- set the conditions where there is a wet ground where the plants might go to rot, and with rot there is a very small chance that the plants might still survive. As it has been stated before that survival from rot is a very hard fight for any plant.Experienced gardeners are aware of these conditions and watch carefully for the order that precipitation occurs in. They sometimes have to respond quickly to this conditions to protect their gardens. You might see your neighbors running around frantically trying to protect their plants during fall or spring.The age of the plant also might be a factor to consider for survival. Vulcan and Kinbotan have been in my garden for more than 2 years. They have better rhizome systems and might withstand a little more abuse. First Blush and White Feather were planted last year and as such may not have the development needed to withstand those same stresses. If I recall those two plants, each having two divisions, alone cost me $100; and considerable amount of hassle I might add. Would I replace them if they fail ... I don't know yet as we have to see what really happens out in the garden.
Noon: As obsessive as I am; the current price check suggests that both of these might be purchased for a total of under $100 from different vendors (three divisions of each) who also seem ... reputable. So prices seem to be coming down on these varieties. This still means that I have to see what really happens out in the garden. I've gotta be patient.February 20:
It rained most of the day. The forecast says in four days it turns cold again. Will this water evaporate fast enough to protect the plants; or will the water become the plants death? In the summer I would recite the Hosta Waltz: Water, rest, rest, Water, rest, rest, Water, rest, rest. But as the ground below is still frozen (2 inches or so below) I have to hope that the fourth day will give it the extra time it needs to dry out.Gardeners who have better luck with Hosta say there ought to a be an 100% success annually for hosta. I've never had that happen. never. I've gotten it to a 96% percent survival, but never 100%. Mind you historically my high with hosta varieties in this raised bed was 36 varieties. I am reaching my current goal for downsizing to about 17 to 15; but I would rather have it on my terms what goes and what comes rather than on what Nature wants to come and go. Having this garden level out at 20 varieties for a few years would be acceptable right now.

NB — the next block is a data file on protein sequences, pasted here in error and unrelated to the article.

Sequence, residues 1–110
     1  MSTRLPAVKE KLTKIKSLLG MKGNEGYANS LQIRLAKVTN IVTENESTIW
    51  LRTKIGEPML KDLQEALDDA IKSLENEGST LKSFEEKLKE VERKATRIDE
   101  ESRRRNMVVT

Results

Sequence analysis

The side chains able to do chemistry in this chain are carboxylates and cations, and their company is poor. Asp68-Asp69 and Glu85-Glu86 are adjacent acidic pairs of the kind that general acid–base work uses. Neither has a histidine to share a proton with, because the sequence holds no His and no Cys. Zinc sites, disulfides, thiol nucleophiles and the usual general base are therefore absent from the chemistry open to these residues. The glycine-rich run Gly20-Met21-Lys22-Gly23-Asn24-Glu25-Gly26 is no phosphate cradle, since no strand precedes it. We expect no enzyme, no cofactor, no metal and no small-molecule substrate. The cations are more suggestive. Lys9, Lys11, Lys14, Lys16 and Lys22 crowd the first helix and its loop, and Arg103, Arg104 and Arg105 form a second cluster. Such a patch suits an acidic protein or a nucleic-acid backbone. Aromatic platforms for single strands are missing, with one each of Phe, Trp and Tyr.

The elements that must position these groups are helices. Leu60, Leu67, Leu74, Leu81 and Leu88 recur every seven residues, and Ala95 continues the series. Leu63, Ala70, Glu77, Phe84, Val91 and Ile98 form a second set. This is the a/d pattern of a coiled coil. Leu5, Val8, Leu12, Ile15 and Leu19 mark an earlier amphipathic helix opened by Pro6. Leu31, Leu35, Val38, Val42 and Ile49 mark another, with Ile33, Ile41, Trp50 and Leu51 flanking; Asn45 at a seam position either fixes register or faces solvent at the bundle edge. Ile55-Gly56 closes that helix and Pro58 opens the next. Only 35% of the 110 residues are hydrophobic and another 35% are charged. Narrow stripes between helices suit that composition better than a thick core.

If I had unlimited funds I'ld build a North American Hosta Arboretum (NAHA) which would home to 11,440 hosta in display form; not landscape. Temperature control would be one of the central debates during its design and development process. But that's just a dream, and as such in this real world I have to face the real dynamics of precipitation and temperatures against these plants.February 21:
Today we're supposed to get 60°F / 15.56°C; I won't be enjoying it as I will be asleep trying to get over what ever this illness is that's going around.February 23:
I get weather alerts from WeatherUSA. The last one they sent out (dated 2/23/17) read in part, "... Snowfall totals between 12 and 15 inches are expected ..." and that's in south central Minnesota along the Interstate 90 corridor. St Paul will probably get about 10 to 12 Inches or less. The forecast also suggests that the rain has been omitted from the cycle. This suggests that the spikes only being effected with the rhizomes not being disturbed. Still not feeling well; the doctor's appointment is scheduled.
11:00 p.m.: The storm forecast suggests that it will be held south for the evening because of the upper level jet stream pattern leaving the twin cites with only 2 hours of snow tonight, the plants get a slight reprieve for the moment. This forecast also suggests that the entire storm maybe held south at this point. St. Paul; along with Minneapolis, and Bloomington; may get a firm snow but nothing near to the predicted 12 to 15 inches that southern MN will be getting; might I speculate under 4 inches ...? Another warming cycle next week but nothing as dramatic as last weeks 60°F / 15.56°C.February 24:
A lot of watches and warnings, but not a flake of snow! Tuesday the 26th is the next day for precipitation on the forecast, its suggesting rain.
The first days of March are forecasting warmish temperature, but no rain or storms. March it seems to be coming in like a lamb and might go out like a lion. I'll watch what happens over the month!
... And yes, I am feeling better, but still not out of this illness entirely ...